Mattot-Masay: The Midianite Tragedy, and Us

The LORD spoke to Moses, saying, “Avenge the Israelite people on the Midianites.” Moses spoke to the people, saying, “Let men fall upon Midian to wreak the Lord’s vengeance.” [The Israelite warriors] fell upon Midian, and slew every male, including male children, and [afterwards] slew every married woman. And they took much booty, for the priests and the Lord.

–Num. 31:1-18 (adapted)

There are many scapegoats for our sins, but the most popular one is Providence.
–Mark Twain, 1898

Why is this portion of Torah so war-mongering, and so bloody? Rabbi Michael Lerner, Ph.D, writes of “A Torah of Love and a Torah of Hate,” and this is clearly an example of the latter.

Who wrote the Torah? Why, Moses, clearly and without a doubt. This was, and is, the Traditional viewpoint, embraced today by only the Orthodox. Perhaps, however, the Documentary Hypothesis has crept in among them, as well: I recall participating in the very first class on Scientific Bible Criticism to ever be taught at Yeshiva University, my long-ago alma mater. According to this school of thought, it was a Kohen, a Priest, who wrote the Book of Numbers, which we are shortly concluding. Scholars call him P, for obvious reasons.

There were other authors, listed in many a book of Biblical scholarship: J, E, D,  and others. Each had a particular style and language. There was also P.

The question, according to James Kugel, Ph.D, in his How to Read the Bible (2007, pp. 299-306), is, when did P live? Dr. Kugel, of Harvard University and currently Emeritus at Bar-Ilan University (and who identifies as Orthodox), explains that the older scholarly opinion was that P was post-exilic. P was well aware of the Destruction of the First Temple, and the Israelites’ being kidnapped to Babylonia.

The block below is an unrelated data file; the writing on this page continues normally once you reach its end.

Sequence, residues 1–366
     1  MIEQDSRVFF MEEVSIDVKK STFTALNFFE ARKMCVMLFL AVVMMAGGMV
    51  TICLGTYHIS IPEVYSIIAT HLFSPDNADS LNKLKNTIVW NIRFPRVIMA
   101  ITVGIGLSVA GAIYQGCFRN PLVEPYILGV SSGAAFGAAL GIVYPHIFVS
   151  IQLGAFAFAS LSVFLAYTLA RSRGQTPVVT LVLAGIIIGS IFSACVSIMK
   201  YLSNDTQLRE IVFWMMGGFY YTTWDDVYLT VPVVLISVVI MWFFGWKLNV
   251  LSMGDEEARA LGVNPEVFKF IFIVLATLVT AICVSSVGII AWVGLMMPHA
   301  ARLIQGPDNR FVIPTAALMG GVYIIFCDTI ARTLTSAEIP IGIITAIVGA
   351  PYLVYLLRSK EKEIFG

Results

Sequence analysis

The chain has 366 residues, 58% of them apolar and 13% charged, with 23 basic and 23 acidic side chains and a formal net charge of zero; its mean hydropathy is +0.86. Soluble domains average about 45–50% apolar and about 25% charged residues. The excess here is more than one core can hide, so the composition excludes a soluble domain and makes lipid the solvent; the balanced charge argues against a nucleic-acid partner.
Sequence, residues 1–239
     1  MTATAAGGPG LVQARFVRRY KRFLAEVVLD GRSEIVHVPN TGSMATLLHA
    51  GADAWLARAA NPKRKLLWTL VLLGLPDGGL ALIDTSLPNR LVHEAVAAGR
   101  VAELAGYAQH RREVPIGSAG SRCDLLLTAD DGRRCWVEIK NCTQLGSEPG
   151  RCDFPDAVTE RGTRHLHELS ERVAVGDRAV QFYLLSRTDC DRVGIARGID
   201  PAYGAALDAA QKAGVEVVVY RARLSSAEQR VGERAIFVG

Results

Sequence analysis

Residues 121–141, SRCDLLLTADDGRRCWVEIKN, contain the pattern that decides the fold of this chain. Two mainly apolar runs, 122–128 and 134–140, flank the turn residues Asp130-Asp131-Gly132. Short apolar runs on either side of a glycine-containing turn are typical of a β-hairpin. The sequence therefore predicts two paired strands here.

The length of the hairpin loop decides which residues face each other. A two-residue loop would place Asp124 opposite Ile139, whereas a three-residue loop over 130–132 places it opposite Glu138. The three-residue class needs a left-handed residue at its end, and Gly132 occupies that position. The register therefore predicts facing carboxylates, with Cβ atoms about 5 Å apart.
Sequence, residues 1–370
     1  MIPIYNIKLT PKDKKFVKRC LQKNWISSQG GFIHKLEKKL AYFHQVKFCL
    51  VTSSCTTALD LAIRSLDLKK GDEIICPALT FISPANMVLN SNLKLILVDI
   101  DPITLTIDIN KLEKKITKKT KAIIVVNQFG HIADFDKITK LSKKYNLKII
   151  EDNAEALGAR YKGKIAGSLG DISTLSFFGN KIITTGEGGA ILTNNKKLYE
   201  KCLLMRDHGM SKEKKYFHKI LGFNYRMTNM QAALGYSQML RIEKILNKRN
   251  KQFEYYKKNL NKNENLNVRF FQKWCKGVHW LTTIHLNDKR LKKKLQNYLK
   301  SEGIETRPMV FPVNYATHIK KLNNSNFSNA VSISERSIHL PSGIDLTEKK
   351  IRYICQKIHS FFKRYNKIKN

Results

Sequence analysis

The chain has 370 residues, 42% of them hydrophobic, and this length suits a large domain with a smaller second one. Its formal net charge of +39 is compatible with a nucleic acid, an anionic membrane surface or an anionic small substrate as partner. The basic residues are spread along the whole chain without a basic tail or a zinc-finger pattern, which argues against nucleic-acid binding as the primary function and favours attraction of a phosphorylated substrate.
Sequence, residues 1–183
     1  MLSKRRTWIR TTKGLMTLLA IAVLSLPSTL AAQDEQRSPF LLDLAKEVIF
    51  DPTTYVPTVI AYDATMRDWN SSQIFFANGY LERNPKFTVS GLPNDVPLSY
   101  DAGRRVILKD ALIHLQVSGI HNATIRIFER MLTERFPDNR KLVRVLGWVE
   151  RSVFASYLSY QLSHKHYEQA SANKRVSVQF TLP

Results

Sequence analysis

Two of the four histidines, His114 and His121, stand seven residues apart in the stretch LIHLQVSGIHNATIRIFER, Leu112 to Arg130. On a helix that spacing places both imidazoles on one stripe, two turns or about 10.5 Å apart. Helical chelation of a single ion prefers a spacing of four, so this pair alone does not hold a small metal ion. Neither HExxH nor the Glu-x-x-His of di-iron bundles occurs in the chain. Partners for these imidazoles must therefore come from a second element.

Following Babylon’s defeat by the Persians, the victors allowed the Israelites  to return to Israel. Significantly, most of them did not. Think of the paltry number of American Jews who moved to Israel following its independence; American fleshpots were more tempting than a Spartanlike kibbutz. More recently, it is believed by several of them that P actually lived in the pre-exilic period, when the tiny kingdom of Judah was threatened, both within and without.

Against these sad and tragic backgrounds, P, possibly a Priest without a temple, wrote the Book of Numbers. Which returns to my central question: why is Mattot-Massay so bloody? Why the massacres of Midianite prisoners, and the acts of looting, all on the tired excuse that Midian and Peor enticed the people to idolatry? I cannot excuse the violence, but I believe that P was trying to harken back to a period when his nation was powerful, rather than refugees at the hands of Babylon and Persia. It is inexcusable, by our modern standards, that the bloody tales of these Torah portions were inflated and aggrandized. Well, yes: but please note that various nations, the US chief among them, possess sufficient nuclear missiles to annihilate humanity more than five times over. Note also that our nation is top among arms merchants to the world; in various Third World countries, a submachine gun is cheaper than a loaf of bread.

In the end, what remains? I hold with Rabbi Lerner’s comment: our Book contains both love and hatred. It is left to us to comprehend the difference, and, in spite of our tragic past, endeavor to work for a peaceful humankind.


Rabbi David Hartley Mark is from New York City’s Lower East Side. He attended Yeshiva University, the City University of NY Graduate Center for English Literature, and received semicha at the Academy for Jewish Religion. He currently teaches English at Everglades University in Boca Raton, FL, and has a Shabbat pulpit at Temple Sholom of Pompano Beach. His literary tastes run to Isaac Bashevis Singer, Stephen King, King David, Kohelet, Christopher Marlowe, and the Harlem Renaissance.

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